When Michigan journalist Emily Bingham was asked recently when she and her boyfriend were planning to have a baby together, the 33-year-old said the invasion of her privacy was the last straw after years of being asked similar questions.
The writer took to social media, posting an ultrasound photo that she found in an online image search along with a plea to readers to start being more considerate of others’ personal struggles with infertility and miscarriages.
“This is just a friendly P.S.A. that people's reproductive and procreative plans and decisions are none of your business. NONE OF YOUR BUSINESS,” Bingham wrote in the post. “Before you ask the young married couple that has been together for seemingly forever when they are finally gonna start a family...before you ask the parents of an only-child toddler when a Little Brother or Little Sister will be in the works...before you ask a single 30-something if/when s/he plans on having children because, you know, clock's ticking ... just stop. Please stop.”
The post quickly went viral — something Bingham said surprised her, but also made her feel that she is “not alone” in her frustrations.
“I’m 33 and I’ve been getting these kinds of questions probably since my mid- to late-twenties, and it’s just kind of grown increasingly frustrating with every instance,” Bingham told TODAY Parents. “I have friends who are having or trying to have children, and a few have struggled with miscarriage or infertility and they’ve told me how painful it can be to be mourning the loss of a pregnancy or to be struggling with infertility privately and then go somewhere and have people pestering them with, ‘When’s’ the baby gonna be here?’ or ‘When are you finally going to start a family?’”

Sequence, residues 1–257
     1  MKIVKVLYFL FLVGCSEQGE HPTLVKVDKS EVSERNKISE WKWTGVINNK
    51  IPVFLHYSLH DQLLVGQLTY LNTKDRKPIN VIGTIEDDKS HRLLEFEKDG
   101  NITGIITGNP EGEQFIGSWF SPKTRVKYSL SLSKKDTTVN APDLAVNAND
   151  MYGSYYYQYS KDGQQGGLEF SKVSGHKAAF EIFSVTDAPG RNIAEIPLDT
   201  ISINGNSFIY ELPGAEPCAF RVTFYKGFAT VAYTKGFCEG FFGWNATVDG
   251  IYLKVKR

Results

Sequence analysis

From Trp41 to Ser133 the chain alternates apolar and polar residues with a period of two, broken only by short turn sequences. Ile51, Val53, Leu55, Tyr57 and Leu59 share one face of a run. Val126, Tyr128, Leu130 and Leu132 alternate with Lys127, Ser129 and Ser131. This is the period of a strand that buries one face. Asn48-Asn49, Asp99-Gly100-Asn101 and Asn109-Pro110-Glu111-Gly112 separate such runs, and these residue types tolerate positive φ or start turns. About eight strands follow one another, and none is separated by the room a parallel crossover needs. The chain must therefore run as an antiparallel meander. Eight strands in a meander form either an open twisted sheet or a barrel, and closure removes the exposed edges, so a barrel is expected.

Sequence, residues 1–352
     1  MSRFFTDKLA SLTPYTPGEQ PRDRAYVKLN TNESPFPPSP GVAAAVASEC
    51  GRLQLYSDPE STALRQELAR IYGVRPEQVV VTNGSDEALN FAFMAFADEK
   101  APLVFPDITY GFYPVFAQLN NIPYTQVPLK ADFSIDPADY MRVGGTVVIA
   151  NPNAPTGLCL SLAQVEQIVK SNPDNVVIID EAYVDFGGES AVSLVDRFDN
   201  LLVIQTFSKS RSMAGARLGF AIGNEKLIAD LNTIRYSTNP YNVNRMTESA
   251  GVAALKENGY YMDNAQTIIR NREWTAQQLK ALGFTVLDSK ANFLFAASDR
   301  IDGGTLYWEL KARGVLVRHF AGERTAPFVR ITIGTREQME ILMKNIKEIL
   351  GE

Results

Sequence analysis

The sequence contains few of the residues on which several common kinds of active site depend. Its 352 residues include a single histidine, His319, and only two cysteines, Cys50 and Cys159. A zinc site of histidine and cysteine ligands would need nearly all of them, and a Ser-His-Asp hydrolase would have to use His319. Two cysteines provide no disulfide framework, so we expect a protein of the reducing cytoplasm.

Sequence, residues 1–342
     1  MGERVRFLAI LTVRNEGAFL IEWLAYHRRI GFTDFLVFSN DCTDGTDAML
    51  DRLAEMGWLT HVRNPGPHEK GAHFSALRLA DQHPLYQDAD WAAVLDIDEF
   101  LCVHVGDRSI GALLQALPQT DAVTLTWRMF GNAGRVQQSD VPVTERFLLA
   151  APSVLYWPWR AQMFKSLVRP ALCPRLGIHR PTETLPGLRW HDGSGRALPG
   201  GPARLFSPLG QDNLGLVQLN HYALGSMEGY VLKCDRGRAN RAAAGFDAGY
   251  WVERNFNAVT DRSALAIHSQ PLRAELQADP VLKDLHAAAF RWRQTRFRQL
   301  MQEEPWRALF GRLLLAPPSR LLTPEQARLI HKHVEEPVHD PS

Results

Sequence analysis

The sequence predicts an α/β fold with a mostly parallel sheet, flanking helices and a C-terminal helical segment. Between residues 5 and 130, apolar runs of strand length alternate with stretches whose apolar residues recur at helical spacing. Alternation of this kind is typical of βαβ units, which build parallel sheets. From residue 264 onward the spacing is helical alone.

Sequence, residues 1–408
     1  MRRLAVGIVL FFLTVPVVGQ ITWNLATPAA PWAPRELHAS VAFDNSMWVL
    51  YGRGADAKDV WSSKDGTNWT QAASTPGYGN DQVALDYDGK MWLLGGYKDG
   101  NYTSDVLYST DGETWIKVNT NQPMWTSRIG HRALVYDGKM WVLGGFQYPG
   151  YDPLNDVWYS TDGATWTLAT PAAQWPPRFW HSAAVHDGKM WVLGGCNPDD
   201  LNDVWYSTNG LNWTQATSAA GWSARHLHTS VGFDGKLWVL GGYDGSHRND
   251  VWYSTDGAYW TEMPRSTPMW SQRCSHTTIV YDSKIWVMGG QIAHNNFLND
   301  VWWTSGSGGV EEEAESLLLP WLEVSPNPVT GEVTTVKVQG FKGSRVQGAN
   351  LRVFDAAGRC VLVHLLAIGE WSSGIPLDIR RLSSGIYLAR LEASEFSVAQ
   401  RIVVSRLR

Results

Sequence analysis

Tamron Hall, Willie Geist and Al Roker discussed Bingham’s post on TODAY on Tuesday, with Tamron sharing that she is often asked about her plans to marry or have children.
“You don’t know what’s going on, and many times, it’s not something that I want to go blurt out to the world — what’s going on with my body or anything else,” she said.
Al shared that he and his wife, Deborah, struggled with infertility themselves, undergoing IVF to get pregnant with their children Nick and Leila.
“We struggled for a long time and people mean well,” he said, “But you’re thinking ‘How about you just shut up?’ or ‘Put a sock in it, OK?’”
Bingham said in addition to the messages she’s received thanking her for her post, she’s also received comments from those who feel guilty for having asked friends these kinds of questions in the past.
“I don’t want to shame anybody or make anybody feel bad, because a lot of us have asked those questions before,” she said. “All I was intending with this post was to ask people to be a little more sensitive — to maybe think before asking or consider if they’re close enough with the person to ask that kind of question.”